Working Scale-Model Cardboard Pinhole Camera
Pinhole camera early
Newly Made Camera (1980s)

This is a pinhole camera made of cardboard that takes real pictures. The camera holds a single sheet of 4-by-5-inch film, so it can take only one picture at a time. It must be loaded and unloaded in total darkness. The lens cap serves as the shutter.


A pinhole camera is a dark box with a tiny hole at one end and film on the other end. There is no lens to focus the light. Instead, the pinhole projects a dim upside-down image on the film.

I built this camera back in the 1980s. It's a scale model of my favorite camera at that time, the Pentax MX 35mm SLR (single-lens reflex) camera. In 2005, burglars broke into my home. Looking for valuables, they ripped open my cardboard camera. Fortunately, the damage was not too hard to repair, and the camera is again in working order. The near-loss of my camera prompted me to write this description and post it on the Web.

Design of the Camera

                  the Camera

Questions or comments about the Pentax MX pinhole camera? Go to the Dog Daze Guest Book

I led a workshop at the Maker Faire Bay Area in 2019 on making a camera obscura out of cardboard. This was my first workshop, and things did not go as smoothy as I would have liked. Still, most participants were able to finish the camera. Those who commented said that they liked the project and thanked me for leading it. I've posted the project instructions at Build a Cardboard Camera Obscura

  camera obscura project 1 camera obscura project 2 camera obscura

More cardboard construction: Detachable cargo/carry box for bike rack
                detachable cargo/carry box

More Paper and Cardboard Pinhole Cameras

In the photo below, the two smaller cameras in the foreground are small paper models of the real Pentax MX camera behind them. You can download and print the paper models as flat sheets and then fold them to make the camera bodies and lenses. For details, go to the Stonefield Colog-Nifty website.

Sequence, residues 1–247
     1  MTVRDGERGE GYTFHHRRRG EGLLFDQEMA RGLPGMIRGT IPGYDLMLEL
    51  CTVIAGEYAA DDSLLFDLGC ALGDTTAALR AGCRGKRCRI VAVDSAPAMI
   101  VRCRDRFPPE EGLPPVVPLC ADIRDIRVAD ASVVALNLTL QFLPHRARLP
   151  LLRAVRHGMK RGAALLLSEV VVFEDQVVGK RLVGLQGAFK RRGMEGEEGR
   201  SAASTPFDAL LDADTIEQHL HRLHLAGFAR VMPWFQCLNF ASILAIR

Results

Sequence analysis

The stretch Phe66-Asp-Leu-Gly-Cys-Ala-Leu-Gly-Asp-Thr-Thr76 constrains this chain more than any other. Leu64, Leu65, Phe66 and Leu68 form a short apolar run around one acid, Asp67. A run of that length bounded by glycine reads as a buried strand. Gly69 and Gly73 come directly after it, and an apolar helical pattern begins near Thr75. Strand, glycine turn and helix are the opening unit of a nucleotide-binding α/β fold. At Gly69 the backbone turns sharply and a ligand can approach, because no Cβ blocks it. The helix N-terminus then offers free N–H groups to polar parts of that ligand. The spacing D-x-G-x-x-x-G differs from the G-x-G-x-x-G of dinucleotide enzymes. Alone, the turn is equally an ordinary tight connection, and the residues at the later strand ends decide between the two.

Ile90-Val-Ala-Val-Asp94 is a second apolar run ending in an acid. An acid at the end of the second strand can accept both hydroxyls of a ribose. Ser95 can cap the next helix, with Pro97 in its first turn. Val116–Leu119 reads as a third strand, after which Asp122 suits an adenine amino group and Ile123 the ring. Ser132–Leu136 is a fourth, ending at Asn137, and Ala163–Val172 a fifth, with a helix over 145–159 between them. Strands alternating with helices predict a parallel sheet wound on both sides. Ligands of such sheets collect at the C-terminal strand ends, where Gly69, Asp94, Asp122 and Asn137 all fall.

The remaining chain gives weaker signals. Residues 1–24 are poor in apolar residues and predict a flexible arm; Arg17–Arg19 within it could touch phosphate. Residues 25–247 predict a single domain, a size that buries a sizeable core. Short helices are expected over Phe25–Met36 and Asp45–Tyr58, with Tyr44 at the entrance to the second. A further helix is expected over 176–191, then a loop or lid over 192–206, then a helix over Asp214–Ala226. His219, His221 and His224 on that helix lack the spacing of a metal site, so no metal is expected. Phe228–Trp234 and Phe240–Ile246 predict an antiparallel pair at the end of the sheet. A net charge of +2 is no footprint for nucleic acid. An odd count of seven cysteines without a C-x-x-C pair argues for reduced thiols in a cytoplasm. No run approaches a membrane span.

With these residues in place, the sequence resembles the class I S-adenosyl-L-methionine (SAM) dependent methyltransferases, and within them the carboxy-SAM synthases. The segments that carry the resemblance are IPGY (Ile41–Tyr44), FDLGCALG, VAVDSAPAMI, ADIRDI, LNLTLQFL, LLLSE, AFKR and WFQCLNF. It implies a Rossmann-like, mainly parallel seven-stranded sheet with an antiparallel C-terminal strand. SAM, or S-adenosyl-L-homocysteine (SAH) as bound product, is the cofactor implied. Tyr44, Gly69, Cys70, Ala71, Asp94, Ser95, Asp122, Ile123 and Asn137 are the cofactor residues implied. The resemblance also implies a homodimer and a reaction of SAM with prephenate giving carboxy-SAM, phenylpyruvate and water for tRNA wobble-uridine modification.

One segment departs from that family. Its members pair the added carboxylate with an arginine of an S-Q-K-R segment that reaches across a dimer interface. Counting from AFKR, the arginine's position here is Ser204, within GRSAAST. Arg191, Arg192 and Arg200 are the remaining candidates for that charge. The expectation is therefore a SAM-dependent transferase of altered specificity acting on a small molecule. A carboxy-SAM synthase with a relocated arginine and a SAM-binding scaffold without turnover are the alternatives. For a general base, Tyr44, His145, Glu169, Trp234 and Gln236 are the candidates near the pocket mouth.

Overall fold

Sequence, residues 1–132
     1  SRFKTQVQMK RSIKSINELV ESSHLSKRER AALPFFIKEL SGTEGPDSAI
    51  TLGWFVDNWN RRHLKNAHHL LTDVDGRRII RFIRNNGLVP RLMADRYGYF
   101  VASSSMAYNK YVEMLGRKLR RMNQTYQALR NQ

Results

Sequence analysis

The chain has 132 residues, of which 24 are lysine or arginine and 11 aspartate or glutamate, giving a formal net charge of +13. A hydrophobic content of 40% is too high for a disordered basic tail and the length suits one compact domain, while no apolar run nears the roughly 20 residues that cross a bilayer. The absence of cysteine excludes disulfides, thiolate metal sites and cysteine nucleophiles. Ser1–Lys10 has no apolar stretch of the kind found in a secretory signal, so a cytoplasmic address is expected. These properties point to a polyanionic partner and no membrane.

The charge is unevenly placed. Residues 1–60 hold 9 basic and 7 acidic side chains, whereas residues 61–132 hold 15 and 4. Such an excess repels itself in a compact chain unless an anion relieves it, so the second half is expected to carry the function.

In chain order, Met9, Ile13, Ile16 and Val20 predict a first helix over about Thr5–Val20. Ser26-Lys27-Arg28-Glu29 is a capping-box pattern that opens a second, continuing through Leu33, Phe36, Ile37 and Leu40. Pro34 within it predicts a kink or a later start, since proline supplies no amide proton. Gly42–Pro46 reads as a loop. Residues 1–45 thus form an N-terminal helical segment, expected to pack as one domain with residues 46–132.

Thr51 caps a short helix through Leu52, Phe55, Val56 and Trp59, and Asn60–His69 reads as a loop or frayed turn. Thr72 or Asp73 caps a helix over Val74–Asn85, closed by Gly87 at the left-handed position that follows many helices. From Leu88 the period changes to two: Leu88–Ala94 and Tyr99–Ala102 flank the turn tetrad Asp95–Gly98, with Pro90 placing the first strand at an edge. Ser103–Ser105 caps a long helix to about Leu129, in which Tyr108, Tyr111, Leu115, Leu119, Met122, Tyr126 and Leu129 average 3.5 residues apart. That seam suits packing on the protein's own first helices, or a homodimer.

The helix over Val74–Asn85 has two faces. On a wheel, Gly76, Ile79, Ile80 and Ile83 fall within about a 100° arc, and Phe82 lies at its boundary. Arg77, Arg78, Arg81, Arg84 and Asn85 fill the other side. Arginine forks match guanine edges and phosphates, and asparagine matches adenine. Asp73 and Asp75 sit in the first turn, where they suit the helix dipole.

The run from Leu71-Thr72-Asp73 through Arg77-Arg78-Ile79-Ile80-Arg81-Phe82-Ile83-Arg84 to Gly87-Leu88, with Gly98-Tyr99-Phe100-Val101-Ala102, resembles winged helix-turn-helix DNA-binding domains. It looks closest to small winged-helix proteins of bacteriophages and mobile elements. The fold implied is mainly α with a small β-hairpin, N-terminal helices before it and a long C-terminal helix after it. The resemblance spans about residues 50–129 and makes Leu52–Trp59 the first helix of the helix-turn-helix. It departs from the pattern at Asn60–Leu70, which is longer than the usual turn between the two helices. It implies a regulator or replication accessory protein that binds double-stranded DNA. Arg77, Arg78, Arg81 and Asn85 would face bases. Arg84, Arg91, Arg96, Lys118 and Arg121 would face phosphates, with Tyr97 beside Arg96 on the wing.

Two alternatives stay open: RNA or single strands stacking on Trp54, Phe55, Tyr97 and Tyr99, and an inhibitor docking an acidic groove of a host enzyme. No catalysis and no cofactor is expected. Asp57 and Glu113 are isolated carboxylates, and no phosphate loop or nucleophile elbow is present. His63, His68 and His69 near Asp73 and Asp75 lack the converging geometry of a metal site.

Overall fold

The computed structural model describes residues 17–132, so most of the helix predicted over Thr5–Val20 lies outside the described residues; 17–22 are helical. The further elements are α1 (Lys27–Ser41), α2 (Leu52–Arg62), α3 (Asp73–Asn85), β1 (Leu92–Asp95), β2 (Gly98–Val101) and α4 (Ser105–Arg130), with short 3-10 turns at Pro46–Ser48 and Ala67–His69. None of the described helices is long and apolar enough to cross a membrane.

Paper Pentax MX Cameras

Alas, these fold-up cameras are not meant to be used as pinhole cameras. However, with a little extra work, you might be able to modify them to work that way. A pinhole camera is just a light-tight box with a pinhole in the front and film in the back. See How to Make and Use a Pinhole Camera by Kodak.

What you see below is not a real Hasselblad camera. It's a cardboard model and a working pinhole camera built by Kelly Angoof, a professional illustrator and prop designer. Ms. Angood sells pinhole camera kits at the Pop-Up Pinhole Camera Company.

Kelly Angood's Hasselblad pinhole camera

To see some more paper and cardboard pinhole cameras, go to TheCoolist pinhole photography web page.

pinhole camera 3 pinhole camera 1

For those less inclined to build a pinhole camera entirely "from scratch", several kits are available from

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